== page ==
In his book, Trauma Informed-Mindfulness With Teens, Sam Himelstein stresses the need for self-care for mental health professionals dealing with traumatised teens. His final chapter is devoted to self-care and professional practice. Dr. Cirecie West-Olatunji, counsellor educator, also stresses the need for self-care for professionals working with people experiencing traumatic stress. Her video presentation is available as part of the courses provided by the Mental Health Academy. Both experts in the area of counselling for trauma highlight the impact of vicarious trauma, especially the risk of mental health professionals experiencing compassion fatigue.
Mindfulness for self-care
Sam himself experienced trauma in his early 20s when he lost his sister through suicide. He makes the point that most health professionals will have experienced trauma of some kind and that this experience leaves them open to triggering their own traumatic response through exposure to the trauma stories of other people. Cirecie highlights the fact that the trauma stimulus can be exacerbated where the professional has previously experienced combined or cumulative trauma.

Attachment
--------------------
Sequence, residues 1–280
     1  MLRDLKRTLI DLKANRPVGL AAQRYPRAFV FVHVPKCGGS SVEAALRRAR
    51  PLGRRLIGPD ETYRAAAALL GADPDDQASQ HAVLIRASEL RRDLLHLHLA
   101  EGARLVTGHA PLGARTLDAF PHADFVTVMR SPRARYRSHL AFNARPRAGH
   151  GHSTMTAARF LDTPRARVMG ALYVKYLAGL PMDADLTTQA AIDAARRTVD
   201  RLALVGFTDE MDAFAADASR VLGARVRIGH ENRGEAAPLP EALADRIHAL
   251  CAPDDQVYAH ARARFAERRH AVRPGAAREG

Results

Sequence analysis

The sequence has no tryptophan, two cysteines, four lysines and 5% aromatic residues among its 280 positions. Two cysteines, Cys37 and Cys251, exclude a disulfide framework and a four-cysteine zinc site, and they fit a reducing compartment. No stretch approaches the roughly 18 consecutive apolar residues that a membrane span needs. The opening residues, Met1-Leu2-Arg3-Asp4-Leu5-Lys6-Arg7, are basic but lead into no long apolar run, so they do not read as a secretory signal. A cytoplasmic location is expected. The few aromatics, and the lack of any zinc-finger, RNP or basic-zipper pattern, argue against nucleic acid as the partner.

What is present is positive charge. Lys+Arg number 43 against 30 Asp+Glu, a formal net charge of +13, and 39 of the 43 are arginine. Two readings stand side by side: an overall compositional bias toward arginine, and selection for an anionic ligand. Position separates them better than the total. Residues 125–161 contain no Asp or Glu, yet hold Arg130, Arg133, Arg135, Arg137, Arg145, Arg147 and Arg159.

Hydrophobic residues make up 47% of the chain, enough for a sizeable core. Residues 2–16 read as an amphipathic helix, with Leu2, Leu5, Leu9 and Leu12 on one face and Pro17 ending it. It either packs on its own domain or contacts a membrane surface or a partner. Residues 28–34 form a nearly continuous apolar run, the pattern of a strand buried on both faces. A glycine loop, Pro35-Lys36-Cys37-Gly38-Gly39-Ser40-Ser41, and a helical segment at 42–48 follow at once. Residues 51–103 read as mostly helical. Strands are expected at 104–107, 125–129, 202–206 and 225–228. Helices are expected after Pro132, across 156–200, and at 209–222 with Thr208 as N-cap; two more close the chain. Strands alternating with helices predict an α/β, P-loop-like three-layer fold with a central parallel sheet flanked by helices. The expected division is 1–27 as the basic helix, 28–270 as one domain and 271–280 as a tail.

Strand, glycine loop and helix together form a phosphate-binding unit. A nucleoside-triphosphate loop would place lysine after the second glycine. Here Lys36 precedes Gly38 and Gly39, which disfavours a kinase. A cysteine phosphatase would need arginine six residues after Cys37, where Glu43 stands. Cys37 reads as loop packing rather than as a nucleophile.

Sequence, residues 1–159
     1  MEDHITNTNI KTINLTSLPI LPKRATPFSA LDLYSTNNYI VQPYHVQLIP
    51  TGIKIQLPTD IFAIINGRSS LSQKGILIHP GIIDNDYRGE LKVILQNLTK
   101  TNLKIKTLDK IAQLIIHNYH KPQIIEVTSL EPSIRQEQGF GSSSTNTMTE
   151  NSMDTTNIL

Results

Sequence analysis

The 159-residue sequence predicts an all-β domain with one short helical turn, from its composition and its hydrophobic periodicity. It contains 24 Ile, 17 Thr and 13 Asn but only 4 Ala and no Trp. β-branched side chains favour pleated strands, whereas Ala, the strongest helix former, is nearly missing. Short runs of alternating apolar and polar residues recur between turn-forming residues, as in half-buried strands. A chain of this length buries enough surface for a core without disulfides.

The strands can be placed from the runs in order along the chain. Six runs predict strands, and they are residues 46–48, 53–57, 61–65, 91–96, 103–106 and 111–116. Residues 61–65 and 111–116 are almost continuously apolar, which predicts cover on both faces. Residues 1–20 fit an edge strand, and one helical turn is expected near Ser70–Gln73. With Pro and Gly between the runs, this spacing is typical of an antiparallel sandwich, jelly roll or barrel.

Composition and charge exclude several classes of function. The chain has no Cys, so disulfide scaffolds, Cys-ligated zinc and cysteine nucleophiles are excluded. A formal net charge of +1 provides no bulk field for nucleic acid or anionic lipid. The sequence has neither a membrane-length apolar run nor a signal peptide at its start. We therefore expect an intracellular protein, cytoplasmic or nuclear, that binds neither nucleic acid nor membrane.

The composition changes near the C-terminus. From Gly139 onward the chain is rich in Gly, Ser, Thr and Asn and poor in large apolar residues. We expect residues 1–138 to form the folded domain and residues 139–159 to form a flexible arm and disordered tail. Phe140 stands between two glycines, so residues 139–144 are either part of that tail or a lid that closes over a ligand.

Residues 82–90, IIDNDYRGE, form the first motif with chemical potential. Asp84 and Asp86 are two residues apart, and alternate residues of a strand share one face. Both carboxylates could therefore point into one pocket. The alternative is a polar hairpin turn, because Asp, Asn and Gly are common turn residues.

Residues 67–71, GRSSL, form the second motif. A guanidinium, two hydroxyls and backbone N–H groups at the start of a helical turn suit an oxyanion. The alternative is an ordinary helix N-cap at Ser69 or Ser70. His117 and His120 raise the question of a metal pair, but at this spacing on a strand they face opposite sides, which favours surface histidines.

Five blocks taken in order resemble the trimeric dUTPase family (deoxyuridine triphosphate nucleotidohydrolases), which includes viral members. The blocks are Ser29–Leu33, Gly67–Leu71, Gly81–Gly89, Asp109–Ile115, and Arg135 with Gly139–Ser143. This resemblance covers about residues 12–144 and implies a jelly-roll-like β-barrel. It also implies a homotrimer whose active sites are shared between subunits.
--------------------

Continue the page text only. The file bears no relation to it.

Sam emphasises the role of mindfulness in helping the professional to deal with their own re-traumatisation as a result of interaction with others and their emotionally draining stories. He stresses the role of a personal mindfulness practice in helping him deal with the trauma of his sister’s suicide.
Sam suggests that a personal approach to mindfulness as a protective mechanism could involve the following:
- Silent retreat(s): Sam found these exceedingly helpful because they enable you to fully experience your emotions, gain a deep insight into your inner landscape and develop strategies to maintain or regain your equilibrium.
- Formal practice: this entails inculcating a regular mindfulness practice (either sitting, standing, or walking) where you engage in some form of formal meditation. This helps to build your concentration to enable deep listening, empathetic response, and the ability to promote wise action. It also assists you to deal with your own difficult emotions (such as anger, resentment, or frustration), challenge self-defeating narratives and develop resilience in the face of challenging interactions.
- Beyond meditation: Sam suggests that bringing mindfulness into your everyday life (in daily activities such as walking, washing clothes, eating, shopping), is effectively “mindfulness-in-action”. It is particularly relevant to your relationships and interactions with others, especially in times of conflict. One way to develop the necessary calmness and equanimity in the face of emotional challenges is to practice reflection-on-action to eventually cultivate the capacity to reflect-in-action, in the course of something adverse happening to you (whether that adversity is real or imagined). Sam stresses the importance of daily mindfulness practices in controlling the “ego” which can get out of hand when it perceives a threat (physical, emotional, or intellectual).